Objectives : Most studies of accountable care organizations (ACOs) have focused on contracts with commercial payers, Medicare, or Medicaid. This study contributes to the literature by describing implementation of an ACO for public employees, contracted by a state government under a federally funded State Innovation Model grant.
Study Design: Over a 2-year period, we conducted 17 semistructured qualitative interviews with 20 clinical and administrative representatives of 5 participating health care systems.
Methods: We used an abductive qualitative coding approach to identify key themes in ACO implementation, with a focus on the role of state government.
Results: Interview participants discussed conditions for ACO adoption, components of implementation, likely effectiveness, and expectations about sustainability. The state government influenced ACO development by creating opportunities for innovation in care delivery, leveraging purchasing power, providing data, developing and maintaining strategic contracts, and encouraging public employees to enroll in accountable care plans. In some organizations, the ACO may have had a spillover effect, improving care for patients who were not public employees. Findings indicate that this state-led ACO shared traits with other public ACOs contracted under Medicare and Medicaid.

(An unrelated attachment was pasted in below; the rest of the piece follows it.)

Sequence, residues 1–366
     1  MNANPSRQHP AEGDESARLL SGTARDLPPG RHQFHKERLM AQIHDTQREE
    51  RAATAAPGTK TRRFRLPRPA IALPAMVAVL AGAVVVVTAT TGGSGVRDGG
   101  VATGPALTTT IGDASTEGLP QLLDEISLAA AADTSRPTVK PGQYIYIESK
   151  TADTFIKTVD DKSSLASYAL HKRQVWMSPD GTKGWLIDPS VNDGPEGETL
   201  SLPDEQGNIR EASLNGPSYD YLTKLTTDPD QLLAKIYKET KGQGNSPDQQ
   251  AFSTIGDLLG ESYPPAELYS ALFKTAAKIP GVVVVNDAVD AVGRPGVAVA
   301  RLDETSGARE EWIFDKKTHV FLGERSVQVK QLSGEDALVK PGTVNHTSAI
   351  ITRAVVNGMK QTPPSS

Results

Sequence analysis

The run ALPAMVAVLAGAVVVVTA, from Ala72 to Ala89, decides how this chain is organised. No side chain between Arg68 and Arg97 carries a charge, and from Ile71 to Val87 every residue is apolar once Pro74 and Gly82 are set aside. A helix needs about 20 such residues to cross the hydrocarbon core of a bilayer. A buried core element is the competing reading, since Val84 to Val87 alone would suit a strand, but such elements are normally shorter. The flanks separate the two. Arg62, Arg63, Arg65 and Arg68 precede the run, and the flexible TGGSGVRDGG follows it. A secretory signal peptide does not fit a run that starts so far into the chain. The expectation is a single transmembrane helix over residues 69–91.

Conclusions: By implementing an ACO for public employees, state governments may catalyze improvements in […]
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